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Game Developer's Top Deck 2008
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Game Developer's Top Deck 2008

December 11, 2008 Article Start Previous Page 2 of 8 Next

9 of Spades: Clint Hocking, Ubisoft Montreal

One of the best [possibly apocryphal] industry stories of recent years surrounds FarCry 2, when it was discovered that this perpetual living world, led in its construction by creative director Clint Hocking, could burn to the ground. The story goes that a tester set a fire in the game's forest, and then went for lunch.

When he came back, he learned that the fire had spread through the whole world, killing the final "boss" in under two hours. Though the game has since been tweaked, that's what a living world is all about -- and Hocking, previously instrumental to the Splinter Cell series, is leading that particular charge.

8 of Spades: Mark Jacobs, Mythic Entertainment

Jacobs has presided over an already-impressive 750,000 subscriber haul for his studio's newest MMO title, Warhammer Online, not distracted by the Dark Age of Camelot creators' acquisition by Electronic Arts. Not only that, he's opinionated and passionate in public -- unusual for an executive in today's PR-removed market.

Following the removal of 400 people farming for gold on Warhammer's servers, he posted on his blog: "I hate goldfarmers with every fiber of my being." Whether right or wrong (and probably right), this kind of public passion is often lacking in today's game biz.

7 of Spades: Dylan Cuthbert, Q Games

Relatively obscure in the West until the launch of the PixelJunk games on the PS3's PlayStation Network, Cuthbert's Kyoto-based studio has close relationships with both Sony and Nintendo, working on elements of the PS3 operating system and on StarFox DS.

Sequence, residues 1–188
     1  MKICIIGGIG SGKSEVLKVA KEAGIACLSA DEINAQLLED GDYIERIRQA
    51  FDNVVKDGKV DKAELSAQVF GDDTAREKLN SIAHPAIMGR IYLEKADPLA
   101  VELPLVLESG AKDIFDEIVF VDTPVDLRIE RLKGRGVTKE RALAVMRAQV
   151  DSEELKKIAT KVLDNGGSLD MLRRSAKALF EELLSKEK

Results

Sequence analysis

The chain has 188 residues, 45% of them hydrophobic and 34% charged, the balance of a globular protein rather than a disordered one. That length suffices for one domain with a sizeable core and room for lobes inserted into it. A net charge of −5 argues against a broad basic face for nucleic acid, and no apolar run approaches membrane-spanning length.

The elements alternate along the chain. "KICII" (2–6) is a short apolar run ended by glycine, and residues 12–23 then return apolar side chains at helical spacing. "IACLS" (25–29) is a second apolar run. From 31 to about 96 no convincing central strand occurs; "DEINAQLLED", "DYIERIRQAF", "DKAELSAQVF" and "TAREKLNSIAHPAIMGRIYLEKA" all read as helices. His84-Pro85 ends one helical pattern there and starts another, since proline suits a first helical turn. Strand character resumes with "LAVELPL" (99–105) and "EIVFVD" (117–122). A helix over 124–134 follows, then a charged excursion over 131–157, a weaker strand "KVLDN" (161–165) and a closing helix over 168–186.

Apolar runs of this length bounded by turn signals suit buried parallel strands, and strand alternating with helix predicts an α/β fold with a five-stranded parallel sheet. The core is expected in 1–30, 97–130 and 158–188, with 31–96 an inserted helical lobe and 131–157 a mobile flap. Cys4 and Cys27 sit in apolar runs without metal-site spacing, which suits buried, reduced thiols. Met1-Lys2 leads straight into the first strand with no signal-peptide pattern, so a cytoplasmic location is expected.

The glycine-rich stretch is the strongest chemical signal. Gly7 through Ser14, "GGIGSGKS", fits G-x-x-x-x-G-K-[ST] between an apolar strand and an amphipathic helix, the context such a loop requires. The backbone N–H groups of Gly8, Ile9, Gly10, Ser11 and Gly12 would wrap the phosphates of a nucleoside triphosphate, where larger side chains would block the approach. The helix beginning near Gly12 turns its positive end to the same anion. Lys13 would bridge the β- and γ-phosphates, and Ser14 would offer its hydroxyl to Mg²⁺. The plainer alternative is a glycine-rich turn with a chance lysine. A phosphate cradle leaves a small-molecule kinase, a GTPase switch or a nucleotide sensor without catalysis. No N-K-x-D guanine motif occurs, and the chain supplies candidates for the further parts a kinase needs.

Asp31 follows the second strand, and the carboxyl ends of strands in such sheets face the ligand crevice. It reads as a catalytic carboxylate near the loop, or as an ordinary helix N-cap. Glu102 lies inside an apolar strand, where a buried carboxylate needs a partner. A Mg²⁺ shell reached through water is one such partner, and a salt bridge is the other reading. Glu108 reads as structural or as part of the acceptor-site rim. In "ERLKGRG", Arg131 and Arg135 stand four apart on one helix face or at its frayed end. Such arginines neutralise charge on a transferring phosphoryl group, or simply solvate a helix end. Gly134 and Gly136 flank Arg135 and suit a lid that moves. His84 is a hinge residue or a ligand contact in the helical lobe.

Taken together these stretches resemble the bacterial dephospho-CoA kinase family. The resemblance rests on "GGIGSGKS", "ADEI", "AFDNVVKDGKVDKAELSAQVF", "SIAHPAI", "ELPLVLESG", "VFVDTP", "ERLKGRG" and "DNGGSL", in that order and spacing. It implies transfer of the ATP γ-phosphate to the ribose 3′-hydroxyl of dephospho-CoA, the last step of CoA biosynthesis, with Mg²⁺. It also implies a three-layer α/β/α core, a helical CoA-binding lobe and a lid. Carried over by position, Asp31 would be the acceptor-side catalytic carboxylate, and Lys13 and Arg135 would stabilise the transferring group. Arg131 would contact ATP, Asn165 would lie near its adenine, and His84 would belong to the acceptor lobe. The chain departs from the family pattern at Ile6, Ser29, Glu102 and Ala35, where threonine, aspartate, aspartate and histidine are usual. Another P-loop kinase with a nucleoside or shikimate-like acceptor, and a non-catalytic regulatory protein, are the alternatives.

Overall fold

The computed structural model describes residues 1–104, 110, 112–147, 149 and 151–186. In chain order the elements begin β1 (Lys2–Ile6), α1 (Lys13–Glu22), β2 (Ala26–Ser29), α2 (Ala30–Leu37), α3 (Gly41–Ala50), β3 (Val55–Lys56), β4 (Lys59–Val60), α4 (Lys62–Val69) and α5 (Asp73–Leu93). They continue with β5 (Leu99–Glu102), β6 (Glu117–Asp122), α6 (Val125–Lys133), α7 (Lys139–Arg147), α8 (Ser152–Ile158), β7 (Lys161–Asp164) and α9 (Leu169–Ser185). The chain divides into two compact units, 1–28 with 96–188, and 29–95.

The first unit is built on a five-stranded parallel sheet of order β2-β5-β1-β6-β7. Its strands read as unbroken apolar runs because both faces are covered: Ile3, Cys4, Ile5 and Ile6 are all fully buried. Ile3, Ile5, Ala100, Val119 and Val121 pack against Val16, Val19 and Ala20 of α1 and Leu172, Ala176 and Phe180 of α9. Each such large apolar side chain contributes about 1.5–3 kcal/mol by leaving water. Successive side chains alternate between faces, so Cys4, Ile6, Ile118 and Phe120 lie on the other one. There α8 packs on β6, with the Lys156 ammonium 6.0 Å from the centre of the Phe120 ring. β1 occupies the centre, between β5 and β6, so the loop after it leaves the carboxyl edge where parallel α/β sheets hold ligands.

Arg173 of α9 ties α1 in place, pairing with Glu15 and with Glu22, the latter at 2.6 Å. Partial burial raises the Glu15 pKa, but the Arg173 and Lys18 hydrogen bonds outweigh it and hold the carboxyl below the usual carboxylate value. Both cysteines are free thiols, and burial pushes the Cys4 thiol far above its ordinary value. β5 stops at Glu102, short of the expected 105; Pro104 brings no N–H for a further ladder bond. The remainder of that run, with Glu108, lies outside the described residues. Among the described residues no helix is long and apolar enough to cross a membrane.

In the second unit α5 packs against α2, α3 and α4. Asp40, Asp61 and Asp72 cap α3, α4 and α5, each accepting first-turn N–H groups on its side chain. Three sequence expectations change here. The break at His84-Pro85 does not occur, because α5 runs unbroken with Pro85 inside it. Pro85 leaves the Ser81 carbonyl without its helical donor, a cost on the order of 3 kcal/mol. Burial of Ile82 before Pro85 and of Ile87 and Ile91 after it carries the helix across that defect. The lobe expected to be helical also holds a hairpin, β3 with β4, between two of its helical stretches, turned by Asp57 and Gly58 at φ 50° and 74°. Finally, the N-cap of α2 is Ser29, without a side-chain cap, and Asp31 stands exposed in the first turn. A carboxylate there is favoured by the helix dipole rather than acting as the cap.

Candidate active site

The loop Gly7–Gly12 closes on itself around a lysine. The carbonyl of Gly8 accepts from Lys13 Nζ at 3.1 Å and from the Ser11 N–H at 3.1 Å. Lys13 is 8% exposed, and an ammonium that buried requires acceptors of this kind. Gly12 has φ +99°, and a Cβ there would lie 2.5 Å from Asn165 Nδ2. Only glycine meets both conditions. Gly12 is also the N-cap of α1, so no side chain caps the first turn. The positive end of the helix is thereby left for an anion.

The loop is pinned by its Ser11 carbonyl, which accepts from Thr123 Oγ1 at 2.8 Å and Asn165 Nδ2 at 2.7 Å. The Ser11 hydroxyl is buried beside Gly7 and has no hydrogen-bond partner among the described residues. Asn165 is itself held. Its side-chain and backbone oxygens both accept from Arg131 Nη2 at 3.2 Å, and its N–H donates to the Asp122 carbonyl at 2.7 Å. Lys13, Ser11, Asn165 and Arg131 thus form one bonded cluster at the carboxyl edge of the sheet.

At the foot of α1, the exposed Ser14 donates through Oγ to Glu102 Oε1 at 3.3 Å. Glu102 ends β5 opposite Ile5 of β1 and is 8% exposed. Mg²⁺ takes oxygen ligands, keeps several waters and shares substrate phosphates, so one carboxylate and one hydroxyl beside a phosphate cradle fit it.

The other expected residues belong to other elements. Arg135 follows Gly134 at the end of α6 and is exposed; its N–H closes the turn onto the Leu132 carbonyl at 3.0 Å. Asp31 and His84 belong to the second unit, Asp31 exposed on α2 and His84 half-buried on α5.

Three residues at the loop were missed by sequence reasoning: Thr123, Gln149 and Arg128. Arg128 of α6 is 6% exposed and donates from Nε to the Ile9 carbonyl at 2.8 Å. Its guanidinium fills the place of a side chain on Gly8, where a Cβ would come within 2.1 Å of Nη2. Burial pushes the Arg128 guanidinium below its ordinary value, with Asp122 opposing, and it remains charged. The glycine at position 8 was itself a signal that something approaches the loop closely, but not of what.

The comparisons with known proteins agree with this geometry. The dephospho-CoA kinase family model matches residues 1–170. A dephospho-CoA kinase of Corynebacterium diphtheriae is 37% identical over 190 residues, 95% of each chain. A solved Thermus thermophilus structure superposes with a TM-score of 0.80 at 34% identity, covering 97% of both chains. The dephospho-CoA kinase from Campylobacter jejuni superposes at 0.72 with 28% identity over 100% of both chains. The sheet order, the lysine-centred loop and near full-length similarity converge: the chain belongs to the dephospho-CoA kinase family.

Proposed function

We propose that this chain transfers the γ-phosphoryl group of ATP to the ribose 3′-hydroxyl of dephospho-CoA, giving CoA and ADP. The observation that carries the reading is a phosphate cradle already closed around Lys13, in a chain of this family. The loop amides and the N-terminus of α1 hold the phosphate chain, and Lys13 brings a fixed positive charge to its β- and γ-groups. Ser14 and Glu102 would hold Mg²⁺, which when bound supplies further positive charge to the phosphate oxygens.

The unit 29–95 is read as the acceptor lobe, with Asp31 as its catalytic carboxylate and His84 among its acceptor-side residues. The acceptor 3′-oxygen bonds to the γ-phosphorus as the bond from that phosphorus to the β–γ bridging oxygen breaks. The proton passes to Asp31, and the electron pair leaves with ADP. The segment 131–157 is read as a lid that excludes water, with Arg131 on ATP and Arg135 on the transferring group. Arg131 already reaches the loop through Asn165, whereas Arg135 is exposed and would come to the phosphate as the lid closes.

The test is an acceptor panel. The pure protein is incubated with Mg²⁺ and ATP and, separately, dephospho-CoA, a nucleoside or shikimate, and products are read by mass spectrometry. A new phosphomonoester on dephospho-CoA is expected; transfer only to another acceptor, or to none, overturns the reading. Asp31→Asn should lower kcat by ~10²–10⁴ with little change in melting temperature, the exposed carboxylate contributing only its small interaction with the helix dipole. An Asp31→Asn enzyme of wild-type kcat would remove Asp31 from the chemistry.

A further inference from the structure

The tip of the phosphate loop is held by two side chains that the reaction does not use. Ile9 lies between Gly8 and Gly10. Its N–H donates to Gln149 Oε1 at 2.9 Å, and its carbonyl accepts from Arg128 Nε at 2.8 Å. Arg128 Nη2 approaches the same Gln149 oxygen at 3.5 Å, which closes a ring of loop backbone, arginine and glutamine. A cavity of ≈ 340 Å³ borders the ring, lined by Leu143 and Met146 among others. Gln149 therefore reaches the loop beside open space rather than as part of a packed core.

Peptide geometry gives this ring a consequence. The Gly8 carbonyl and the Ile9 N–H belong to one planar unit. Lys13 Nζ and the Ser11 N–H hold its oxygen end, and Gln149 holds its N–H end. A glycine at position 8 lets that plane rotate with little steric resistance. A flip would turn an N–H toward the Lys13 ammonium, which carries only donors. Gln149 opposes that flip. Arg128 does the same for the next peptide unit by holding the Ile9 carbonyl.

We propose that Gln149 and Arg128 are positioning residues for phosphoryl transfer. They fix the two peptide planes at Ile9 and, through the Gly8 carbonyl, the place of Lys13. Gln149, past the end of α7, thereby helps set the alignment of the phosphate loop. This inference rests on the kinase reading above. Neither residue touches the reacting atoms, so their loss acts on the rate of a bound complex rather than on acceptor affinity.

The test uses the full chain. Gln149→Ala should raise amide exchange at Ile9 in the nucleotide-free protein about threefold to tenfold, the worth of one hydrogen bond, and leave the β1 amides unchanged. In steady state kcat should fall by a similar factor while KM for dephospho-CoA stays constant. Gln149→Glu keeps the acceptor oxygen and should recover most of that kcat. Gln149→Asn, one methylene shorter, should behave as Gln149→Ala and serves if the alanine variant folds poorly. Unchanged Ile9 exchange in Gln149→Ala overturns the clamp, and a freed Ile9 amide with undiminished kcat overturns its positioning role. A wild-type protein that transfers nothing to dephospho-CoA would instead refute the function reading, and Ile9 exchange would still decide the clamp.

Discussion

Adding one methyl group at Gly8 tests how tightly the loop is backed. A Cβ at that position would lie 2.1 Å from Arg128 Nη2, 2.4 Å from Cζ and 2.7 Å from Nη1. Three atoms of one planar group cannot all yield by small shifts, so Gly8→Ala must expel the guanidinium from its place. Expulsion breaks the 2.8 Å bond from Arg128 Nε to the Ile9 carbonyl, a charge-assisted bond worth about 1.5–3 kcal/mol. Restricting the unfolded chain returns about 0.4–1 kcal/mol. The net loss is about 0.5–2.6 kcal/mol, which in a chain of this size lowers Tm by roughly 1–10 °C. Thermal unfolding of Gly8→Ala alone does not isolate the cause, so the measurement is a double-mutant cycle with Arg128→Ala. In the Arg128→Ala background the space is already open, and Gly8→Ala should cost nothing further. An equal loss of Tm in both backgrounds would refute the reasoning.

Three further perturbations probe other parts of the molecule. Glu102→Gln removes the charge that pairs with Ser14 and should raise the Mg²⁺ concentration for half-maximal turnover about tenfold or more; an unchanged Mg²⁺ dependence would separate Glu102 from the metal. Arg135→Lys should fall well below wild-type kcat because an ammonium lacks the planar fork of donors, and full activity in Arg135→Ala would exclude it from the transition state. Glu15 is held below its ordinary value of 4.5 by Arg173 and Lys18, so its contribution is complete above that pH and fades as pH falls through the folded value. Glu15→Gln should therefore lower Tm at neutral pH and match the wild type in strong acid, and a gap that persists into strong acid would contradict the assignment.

But by spearheading his Japanese studio to work on a largely Western medium (downloadable console games) and make it work, most recently with the transcendent PixelJunk Eden, Cuthbert deserves a place on this list.

6 of Spades: Ken Levine, 2K Boston

After BioShock debuted in late 2007, the reverberations of its unconventional original IP success impacted the industry more than you might guess. The game has one of the more sophisticated narrative structures of any released so far, in its integration of visual, oral, and textual storytelling into the actual gameplay.

With 2K Marin working on the sequel, and the movie version fast-tracked, plus creator Levine now working on a mysterious new project, his influence has not diminished.

5 of Spades: Mark Beaumont, Capcom

Of all the Japanese-headquartered publishers operating in the West, Capcom perhaps has the most invigorating autonomy from its bosses back East. Beaumont is taking great advantage of this, thanks to a major digital download initiative spawning titles like Age of Booty, and is funding Western-developed titles such as Bionic Commando and Dark Void.

Most impressively, a robust blog, community, and fanbase are letting Capcom's classic Japanese franchises breathe and flourish, even as the West grows stronger.

4 of Spades: Alex Ward, Criterion Games

Burnout Paradise is blazing new trails for an extended life of downloadable content, thanks to the "Year of Burnout" promotion. Sure, there's been plenty of DLC before, but so comprehensive, well-planned, and advertised in advance?

Not so much, and thanks to Ward and his team, many players have been convinced to buy and hold onto his title, awaiting the extra vehicles, motorbike additions, new levels, modes, and more. Its status as one of the first formerly full-price titles to blaze into extended sales on PlayStation Network further cements Burnout Paradise's -- and Ward's -- status as a trailblazer.

3 of Spades: Jonathan Blow, Number-None

Jon Blow, the creator of breakthrough XBLA title Braid, is a wonderfully unvarnished game creator -- one who is willing to voice his opinion, no matter what the reaction may be. But it turns out he's got the chops to back it up.

His latest title, Braid, tackles emotions and relationships in a very circuitous but interesting way -- appropriate for a rather complicated fellow like Blow. The lesson here? When you are beholden to no one, and make your games yourself, you can speak your mind without repercussions, and truly advance them as entertainment.

2 of Spades: Sarah Chudley, Bizarre Creations

Not only one of the UK's top developers, Bizarre Creations' acquisition by Activision has cemented its place as an important game creator at multiple levels, headed by Chudley and colleagues.

From the landmark downloadable Geometry Wars series, through the Project Gotham Racing franchise and whatever new racing titles the company may develop under Activision's wing, even partial miss-steps such as The Club haven't dampened the cutting edge at Bizarre Creations. Long may it continue.

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